Ethical analysis of AI-based systems for military use

Book chapter

Reichberg, Gregory M. & Henrik Syse (2024) Ethical analysis of AI-based systems for military use, in Artificial Intelligence, Ethics and the Future of Warfare. India: Routledge (33–1). DOI: 10.4324/9781003421849.

Publsiher's website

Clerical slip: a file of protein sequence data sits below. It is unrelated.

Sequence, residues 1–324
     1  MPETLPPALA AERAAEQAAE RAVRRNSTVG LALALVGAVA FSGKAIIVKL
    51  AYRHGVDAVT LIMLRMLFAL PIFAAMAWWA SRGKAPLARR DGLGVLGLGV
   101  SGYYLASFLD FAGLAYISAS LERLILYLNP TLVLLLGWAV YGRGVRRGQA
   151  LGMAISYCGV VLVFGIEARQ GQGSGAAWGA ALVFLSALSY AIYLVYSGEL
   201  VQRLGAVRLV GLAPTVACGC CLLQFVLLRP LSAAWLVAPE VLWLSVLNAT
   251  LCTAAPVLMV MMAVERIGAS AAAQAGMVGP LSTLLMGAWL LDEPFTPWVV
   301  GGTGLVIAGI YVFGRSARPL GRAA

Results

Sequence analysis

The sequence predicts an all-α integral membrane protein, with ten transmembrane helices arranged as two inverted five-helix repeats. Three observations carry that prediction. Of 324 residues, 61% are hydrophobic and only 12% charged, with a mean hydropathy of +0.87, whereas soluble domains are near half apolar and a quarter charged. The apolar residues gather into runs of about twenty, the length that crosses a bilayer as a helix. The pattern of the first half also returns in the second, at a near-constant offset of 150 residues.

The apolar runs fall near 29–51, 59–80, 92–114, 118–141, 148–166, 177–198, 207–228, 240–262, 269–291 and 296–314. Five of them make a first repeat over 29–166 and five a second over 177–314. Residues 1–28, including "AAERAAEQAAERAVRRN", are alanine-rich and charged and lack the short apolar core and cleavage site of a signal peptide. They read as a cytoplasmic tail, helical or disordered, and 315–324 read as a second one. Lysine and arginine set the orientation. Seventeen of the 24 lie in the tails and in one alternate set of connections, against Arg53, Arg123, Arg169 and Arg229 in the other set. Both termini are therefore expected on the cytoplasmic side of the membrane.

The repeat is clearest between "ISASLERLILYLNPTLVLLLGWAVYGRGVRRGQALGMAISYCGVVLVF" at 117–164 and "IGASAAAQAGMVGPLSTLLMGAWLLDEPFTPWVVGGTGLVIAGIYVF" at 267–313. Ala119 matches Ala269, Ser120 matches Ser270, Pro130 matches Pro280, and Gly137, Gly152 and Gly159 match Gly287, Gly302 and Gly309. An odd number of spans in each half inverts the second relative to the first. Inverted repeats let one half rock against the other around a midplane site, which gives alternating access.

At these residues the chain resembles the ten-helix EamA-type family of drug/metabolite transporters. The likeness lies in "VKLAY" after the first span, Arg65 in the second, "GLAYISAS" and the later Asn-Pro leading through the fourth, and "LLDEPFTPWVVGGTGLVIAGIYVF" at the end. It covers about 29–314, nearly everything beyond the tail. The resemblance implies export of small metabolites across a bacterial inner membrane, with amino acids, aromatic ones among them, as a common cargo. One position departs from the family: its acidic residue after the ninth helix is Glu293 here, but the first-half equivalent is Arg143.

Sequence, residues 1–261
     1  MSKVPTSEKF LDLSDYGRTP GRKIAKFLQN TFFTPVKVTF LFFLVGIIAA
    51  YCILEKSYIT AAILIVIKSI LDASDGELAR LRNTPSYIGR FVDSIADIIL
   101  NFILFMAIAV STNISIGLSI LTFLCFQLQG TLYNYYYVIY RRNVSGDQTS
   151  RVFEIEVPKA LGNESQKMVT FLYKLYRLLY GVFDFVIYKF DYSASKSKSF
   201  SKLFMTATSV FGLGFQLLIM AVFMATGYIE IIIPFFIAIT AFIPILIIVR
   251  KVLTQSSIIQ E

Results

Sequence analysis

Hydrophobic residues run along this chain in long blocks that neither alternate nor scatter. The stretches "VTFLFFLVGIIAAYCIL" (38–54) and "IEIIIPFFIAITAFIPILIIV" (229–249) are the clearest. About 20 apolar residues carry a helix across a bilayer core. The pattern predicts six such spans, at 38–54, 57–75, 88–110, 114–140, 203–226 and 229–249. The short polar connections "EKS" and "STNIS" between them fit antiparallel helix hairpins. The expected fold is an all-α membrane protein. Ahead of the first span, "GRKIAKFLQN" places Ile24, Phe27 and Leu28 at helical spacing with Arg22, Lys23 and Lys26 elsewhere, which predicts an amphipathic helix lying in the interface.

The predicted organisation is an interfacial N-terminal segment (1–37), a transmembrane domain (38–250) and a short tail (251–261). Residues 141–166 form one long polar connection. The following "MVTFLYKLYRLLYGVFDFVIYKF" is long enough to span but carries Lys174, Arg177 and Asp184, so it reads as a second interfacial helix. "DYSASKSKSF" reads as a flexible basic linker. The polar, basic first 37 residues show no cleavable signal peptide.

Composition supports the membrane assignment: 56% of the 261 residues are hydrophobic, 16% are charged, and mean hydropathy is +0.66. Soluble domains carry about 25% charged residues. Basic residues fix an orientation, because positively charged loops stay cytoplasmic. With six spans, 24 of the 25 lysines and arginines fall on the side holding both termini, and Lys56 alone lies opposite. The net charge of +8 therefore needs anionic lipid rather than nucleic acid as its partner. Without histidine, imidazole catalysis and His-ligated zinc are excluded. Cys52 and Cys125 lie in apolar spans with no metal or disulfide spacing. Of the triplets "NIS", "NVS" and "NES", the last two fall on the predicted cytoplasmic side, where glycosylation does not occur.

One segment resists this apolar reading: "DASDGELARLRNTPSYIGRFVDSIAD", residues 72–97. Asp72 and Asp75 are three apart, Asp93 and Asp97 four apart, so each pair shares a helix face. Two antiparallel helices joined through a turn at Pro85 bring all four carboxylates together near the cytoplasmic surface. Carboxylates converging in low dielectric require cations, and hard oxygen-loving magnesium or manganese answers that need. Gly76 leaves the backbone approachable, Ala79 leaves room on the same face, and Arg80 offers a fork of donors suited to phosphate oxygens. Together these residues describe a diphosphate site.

AI-enabled technologies can have two different functions in battlefield settings. On the one hand, by collecting data and issuing targeting recommendations, machines will provide support for human decision-making; inversely, decision-making can be delegated to machines, enabling them to engage with targets without the direct intervention of human operators. Regarding the first function, we show how machine-issued target-identification and target-engagement recommendations, despite the notable efficiency gains, also involve possible ethical downsides. These are discussed in terms of the ‘overfitting problem,’ ‘classification problem,’ ‘information overload,’ ‘automation bias’ and ‘automation complacency.’ Regarding the second function – autonomous weapon systems (AWS) – we survey the ethical arguments that have been proposed for and against their deployment on the battlefield. Afterwards, distinguishing the deliberate misuse of AI systems from problems associated with accidents and safety, we explain how precautions, including rigorous testing, must be introduced early on when new systems are designed. Later, during military training, feedback loops will ensure that systems can be appropriately modified vis-à-vis user experience. The interaction of designers, autonomous technologies and end-users can fruitfully be assessed under the rubric of ‘virtue ethics,’ as is shown in the chapter's concluding section.

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